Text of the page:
This shows the relationship between the US Dollar and the Norwegian Krone. In 1875, the Krone replaced the Norwegian speciedaler at a rate of 4 kroner per 1 speciedaler. It is often accepted in other parts of Scandinavia, including Svalbard and close to the Norwegian border in Sweden. This is because price levels are higher in Norway than other neighbouring countries, and Norwegians spend around 10 billion NOK on border shopping a year. It is therefore a profitable venture for border businesses to accept this currency. When the Krone was introduced, Norway joined the Scandinavian Monetary Union, which had been established in 1973 and existed until 1914. After the dissolution of this, Denmark, Norway and Sweden decided to keep their respective currencies, which remain to this day.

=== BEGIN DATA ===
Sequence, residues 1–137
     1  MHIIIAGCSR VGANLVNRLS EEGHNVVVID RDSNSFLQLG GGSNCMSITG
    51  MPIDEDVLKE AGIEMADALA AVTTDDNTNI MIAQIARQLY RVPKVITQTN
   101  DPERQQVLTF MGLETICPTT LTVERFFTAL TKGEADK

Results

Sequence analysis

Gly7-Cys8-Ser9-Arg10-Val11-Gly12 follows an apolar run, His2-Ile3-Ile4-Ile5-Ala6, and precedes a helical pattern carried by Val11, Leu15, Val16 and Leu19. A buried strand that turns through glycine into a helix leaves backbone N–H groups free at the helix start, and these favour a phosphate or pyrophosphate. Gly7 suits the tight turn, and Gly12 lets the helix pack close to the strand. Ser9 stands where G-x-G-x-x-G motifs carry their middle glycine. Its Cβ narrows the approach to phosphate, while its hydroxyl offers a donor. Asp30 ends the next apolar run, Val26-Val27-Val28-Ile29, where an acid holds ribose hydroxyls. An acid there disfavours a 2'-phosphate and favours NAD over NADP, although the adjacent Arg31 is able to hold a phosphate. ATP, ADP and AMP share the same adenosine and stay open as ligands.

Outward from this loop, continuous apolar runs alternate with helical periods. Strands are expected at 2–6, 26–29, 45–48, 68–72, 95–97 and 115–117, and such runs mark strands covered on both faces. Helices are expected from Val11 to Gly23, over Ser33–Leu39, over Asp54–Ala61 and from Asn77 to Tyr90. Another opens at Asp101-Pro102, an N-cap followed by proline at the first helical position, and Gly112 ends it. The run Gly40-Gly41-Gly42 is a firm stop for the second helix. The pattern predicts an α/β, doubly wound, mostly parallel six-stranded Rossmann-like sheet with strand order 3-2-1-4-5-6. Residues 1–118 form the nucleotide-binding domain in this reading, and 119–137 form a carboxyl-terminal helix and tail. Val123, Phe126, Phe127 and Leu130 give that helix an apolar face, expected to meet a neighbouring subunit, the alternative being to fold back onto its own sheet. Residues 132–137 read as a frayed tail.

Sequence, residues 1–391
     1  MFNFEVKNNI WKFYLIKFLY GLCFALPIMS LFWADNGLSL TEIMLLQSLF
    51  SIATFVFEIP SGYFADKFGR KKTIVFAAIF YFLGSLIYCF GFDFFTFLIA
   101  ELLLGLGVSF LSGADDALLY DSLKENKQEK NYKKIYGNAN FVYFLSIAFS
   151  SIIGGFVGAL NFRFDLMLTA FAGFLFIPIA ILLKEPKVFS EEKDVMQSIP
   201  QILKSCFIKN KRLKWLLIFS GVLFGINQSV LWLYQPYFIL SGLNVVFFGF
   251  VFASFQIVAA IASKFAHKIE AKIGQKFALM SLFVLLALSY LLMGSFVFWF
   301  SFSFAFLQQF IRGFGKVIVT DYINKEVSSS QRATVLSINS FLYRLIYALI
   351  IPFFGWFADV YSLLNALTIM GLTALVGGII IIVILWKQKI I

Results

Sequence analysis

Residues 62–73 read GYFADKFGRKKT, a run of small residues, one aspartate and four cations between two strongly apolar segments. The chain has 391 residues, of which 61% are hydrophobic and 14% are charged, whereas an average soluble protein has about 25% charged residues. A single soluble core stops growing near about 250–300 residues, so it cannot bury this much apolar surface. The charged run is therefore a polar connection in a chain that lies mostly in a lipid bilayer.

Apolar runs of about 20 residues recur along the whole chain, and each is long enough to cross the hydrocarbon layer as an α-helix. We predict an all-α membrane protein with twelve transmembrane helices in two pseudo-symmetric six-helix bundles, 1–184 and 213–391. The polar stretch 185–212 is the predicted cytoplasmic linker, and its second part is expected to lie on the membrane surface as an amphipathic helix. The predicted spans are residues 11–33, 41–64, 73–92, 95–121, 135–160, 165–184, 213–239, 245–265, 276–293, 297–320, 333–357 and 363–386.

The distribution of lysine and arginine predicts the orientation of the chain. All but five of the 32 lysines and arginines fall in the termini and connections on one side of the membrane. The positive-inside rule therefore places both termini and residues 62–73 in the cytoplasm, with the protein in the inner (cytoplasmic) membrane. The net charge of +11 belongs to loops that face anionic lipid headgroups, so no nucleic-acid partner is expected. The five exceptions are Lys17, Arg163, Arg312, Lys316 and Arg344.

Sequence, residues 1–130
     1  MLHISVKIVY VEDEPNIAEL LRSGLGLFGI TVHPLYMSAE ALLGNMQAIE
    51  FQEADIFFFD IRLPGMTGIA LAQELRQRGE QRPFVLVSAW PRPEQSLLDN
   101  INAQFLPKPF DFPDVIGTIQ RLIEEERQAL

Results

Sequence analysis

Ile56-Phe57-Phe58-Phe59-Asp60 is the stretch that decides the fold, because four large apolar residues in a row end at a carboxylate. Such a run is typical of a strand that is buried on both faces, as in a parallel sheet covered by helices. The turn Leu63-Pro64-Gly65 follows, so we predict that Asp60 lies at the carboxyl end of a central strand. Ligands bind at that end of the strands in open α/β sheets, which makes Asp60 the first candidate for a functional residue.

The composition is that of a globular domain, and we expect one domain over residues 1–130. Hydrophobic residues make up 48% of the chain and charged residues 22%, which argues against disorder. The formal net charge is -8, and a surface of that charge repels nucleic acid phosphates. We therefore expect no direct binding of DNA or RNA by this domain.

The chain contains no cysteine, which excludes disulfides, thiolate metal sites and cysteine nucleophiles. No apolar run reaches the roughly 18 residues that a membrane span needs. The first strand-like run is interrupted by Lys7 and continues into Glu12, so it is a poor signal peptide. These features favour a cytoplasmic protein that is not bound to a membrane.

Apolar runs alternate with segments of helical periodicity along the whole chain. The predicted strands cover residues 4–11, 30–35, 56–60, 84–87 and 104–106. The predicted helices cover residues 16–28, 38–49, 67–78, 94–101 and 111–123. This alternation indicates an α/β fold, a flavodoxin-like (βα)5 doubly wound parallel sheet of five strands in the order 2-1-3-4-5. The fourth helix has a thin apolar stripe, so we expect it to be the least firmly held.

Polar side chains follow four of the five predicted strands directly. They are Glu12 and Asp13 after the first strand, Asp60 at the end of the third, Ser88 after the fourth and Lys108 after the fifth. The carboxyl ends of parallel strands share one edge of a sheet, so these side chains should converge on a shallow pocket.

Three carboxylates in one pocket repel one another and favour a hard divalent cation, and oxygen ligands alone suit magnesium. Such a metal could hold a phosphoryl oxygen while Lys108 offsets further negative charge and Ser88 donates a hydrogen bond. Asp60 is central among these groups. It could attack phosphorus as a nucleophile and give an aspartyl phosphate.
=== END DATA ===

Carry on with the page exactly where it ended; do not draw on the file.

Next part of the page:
After WWII, a rate of 20 kroner per 1 pound (4.963 kroner = 1USD) was established. This was maintained until 1949 when the pound devalued relative to the USD, which lead to an exchange rate of 7.142 kroner = 1 USD. In December 1992, the Norges bank went from a fixed exchange rate to a floating exchange rate, due to the speculation against the Norwegian currency in the early 1990s, which lost the Norwegian central bank around two billion kroner in defensive purchases of the NOK through usage of foreign currency reserves for a relatively short period of time.